Based on their Q1 performance and reasonable visibility into Q2 (which they caution “is heavily dependent on late bookings in August and September) Ryanair now believe that average fares for H1 will be broadly flat (their previous guidance was 0% to -2%). Adding they “have very little visibility into H2”, nevertheless they expect that faster capacity growth (up 15%) and lower oil prices may lead to an aggressive pricing response from competitors. They therefore remain “very cautious about weaker prices and yields this winter”. Since Ryanair’s policy is to be load factor active/yield passive they expect that H2 fares “will be towards the higher end of our -4% to –8% guidance range”.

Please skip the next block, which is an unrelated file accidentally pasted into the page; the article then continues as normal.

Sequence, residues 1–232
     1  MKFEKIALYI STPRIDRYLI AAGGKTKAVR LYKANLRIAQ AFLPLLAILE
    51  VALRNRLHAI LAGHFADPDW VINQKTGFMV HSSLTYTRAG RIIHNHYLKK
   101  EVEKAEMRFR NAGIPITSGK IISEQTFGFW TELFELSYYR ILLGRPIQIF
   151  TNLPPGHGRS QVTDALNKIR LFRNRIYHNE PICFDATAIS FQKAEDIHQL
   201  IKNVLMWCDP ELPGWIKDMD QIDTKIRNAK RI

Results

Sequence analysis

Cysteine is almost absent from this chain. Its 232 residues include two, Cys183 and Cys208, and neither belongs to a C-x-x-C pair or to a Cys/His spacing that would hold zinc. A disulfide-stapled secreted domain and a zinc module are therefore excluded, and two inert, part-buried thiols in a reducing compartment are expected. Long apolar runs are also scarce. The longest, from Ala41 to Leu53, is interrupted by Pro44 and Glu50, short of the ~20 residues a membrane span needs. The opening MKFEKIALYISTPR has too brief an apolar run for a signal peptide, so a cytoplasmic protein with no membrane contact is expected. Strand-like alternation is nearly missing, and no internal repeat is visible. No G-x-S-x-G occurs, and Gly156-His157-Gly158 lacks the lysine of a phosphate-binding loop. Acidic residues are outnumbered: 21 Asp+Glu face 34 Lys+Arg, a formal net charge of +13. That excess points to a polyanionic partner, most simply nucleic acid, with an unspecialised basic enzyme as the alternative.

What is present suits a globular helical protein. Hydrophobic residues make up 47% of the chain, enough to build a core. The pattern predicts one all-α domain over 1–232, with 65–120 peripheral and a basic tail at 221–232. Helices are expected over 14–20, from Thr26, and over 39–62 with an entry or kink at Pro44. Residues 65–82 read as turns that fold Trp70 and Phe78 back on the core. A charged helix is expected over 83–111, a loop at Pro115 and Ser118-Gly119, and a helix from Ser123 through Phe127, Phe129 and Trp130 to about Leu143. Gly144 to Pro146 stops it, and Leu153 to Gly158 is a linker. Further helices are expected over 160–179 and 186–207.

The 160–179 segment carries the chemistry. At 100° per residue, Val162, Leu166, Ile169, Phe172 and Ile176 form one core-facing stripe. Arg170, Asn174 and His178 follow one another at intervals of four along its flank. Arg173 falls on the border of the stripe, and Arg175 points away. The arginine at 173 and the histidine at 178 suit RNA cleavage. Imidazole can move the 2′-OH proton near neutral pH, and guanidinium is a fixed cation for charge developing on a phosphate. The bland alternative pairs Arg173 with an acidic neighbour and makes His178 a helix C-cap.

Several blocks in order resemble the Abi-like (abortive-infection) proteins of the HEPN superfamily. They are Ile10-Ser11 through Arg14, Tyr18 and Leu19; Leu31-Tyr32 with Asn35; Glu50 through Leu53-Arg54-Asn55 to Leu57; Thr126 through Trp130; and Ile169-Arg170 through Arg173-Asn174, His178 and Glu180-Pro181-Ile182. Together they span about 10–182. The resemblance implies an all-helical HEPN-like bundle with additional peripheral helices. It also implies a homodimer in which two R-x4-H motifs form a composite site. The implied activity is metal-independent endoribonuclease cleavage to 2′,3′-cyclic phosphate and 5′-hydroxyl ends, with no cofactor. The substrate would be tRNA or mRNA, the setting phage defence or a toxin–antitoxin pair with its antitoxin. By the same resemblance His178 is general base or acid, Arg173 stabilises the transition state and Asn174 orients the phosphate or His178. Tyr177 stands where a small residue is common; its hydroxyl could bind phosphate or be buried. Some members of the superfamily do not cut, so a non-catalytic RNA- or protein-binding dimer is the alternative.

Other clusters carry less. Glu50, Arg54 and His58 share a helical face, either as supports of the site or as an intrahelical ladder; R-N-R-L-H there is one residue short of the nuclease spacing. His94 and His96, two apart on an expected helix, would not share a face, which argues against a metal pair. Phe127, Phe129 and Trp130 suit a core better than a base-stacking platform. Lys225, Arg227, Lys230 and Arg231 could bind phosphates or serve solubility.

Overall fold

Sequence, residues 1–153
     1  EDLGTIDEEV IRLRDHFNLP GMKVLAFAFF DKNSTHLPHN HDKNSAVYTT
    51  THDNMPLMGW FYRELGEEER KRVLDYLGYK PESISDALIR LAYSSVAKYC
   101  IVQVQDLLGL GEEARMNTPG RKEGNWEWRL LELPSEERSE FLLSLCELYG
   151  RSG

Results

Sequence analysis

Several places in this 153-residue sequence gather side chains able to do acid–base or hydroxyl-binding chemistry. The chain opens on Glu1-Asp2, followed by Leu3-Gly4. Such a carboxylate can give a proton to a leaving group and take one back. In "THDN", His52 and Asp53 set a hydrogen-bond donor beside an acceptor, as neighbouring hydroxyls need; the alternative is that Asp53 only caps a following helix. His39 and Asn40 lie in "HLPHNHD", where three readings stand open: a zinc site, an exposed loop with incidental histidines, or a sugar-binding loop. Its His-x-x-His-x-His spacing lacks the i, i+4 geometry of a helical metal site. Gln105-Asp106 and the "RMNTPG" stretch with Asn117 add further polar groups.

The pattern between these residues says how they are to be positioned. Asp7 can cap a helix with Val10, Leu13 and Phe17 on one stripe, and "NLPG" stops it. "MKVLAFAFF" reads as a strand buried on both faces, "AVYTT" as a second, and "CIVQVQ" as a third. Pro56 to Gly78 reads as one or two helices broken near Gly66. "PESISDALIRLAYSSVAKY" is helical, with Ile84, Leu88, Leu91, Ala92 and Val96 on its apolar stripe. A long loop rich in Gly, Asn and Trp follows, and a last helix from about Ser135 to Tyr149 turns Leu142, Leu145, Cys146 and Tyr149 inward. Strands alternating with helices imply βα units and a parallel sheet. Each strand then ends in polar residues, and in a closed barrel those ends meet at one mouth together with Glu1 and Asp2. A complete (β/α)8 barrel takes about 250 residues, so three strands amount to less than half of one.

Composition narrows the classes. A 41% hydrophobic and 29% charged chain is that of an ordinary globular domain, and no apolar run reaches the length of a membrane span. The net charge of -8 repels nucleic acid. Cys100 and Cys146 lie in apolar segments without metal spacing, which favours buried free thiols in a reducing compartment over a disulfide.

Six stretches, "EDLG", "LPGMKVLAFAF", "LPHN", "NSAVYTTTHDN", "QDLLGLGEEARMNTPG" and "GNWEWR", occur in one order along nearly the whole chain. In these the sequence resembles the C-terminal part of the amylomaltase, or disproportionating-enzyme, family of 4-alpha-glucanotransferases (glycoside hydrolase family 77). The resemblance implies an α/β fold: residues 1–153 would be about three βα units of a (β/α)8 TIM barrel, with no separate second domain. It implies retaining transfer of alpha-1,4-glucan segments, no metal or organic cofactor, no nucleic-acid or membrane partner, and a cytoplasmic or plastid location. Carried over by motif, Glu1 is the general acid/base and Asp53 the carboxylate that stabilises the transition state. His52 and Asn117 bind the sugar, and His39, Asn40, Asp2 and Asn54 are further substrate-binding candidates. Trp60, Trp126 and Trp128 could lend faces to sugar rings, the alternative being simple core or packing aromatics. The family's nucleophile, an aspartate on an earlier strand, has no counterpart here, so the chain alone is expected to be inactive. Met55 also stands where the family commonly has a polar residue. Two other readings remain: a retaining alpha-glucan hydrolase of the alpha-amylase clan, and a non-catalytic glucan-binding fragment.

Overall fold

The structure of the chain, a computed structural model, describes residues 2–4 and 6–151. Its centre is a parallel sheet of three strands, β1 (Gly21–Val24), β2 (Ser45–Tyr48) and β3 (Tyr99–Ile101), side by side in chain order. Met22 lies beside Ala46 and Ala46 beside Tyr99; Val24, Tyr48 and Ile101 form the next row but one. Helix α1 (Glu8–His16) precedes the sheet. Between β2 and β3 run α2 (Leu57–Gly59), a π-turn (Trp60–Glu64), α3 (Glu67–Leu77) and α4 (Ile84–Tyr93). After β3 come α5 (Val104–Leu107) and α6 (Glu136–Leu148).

Ryanair tails (Ryanair)Ryanair will continue to have a strong focus on unit costs and they expect that unit costs will fall by approximately 3% (aided by higher traffic). Fuel will deliver a saving of close to 7% and unit costs ex-fuel will be broadly flat. Ancillary revenue will be well ahead of our long term target of 20% of total revenue but will track behind the 14% growth in customer numbers in FY16.

These factors lead Ryanair to conclude that “it is too early in the year” to alter their year profit guidance, although the slightly H1 yields will push it towards the upper end of its previously guided range of €940 million to €970 million net profit. They caution however that this guidance, which is 12% ahead of last year’s profit, is heavily reliant on the final outturn of H2 fares over which they “currently have almost zero visibility”. Ryanair say that they “will continue to pursue its strategy of being load factor active and yield passive for the benefit of our customers, our people and our shareholders.”